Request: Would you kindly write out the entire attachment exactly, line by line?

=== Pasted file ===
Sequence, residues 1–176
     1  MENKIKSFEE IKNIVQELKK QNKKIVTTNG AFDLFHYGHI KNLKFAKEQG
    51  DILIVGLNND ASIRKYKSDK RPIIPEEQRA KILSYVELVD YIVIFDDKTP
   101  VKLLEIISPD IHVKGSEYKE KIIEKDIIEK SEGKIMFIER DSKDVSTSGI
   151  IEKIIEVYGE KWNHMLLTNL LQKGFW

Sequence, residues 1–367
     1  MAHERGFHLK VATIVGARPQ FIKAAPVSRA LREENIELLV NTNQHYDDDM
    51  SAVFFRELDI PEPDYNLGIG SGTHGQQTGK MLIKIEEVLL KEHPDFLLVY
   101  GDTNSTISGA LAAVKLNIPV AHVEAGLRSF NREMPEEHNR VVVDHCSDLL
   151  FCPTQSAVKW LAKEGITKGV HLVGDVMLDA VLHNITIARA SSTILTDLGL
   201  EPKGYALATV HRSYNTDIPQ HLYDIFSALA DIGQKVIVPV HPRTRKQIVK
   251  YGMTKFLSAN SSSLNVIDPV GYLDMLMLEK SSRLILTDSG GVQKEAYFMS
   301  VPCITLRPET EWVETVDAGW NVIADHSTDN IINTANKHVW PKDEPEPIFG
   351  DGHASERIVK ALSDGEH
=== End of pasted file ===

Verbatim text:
Sequence, residues 1–176
     1  MENKIKSFEE IKNIVQELKK QNKKIVTTNG AFDLFHYGHI KNLKFAKEQG
    51  DILIVGLNND ASIRKYKSDK RPIIPEEQRA KILSYVELVD YIVIFDDKTP
   101  VKLLEIISPD IHVKGSEYKE KIIEKDIIEK SEGKIMFIER DSKDVSTSGI
   151  IEKIIEVYGE KWNHMLLTNL LQKGFW

Sequence, residues 1–367
     1  MAHERGFHLK VATIVGARPQ FIKAAPVSRA LREENIELLV NTNQHYDDDM
    51  SAVFFRELDI PEPDYNLGIG SGTHGQQTGK MLIKIEEVLL KEHPDFLLVY
   101  GDTNSTISGA LAAVKLNIPV AHVEAGLRSF NREMPEEHNR VVVDHCSDLL
   151  FCPTQSAVKW LAKEGITKGV HLVGDVMLDA VLHNITIARA SSTILTDLGL
   201  EPKGYALATV HRSYNTDIPQ HLYDIFSALA DIGQKVIVPV HPRTRKQIVK
   251  YGMTKFLSAN SSSLNVIDPV GYLDMLMLEK SSRLILTDSG GVQKEAYFMS
   301  VPCITLRPET EWVETVDAGW NVIADHSTDN IINTANKHVW PKDEPEPIFG
   351  DGHASERIVK ALSDGEH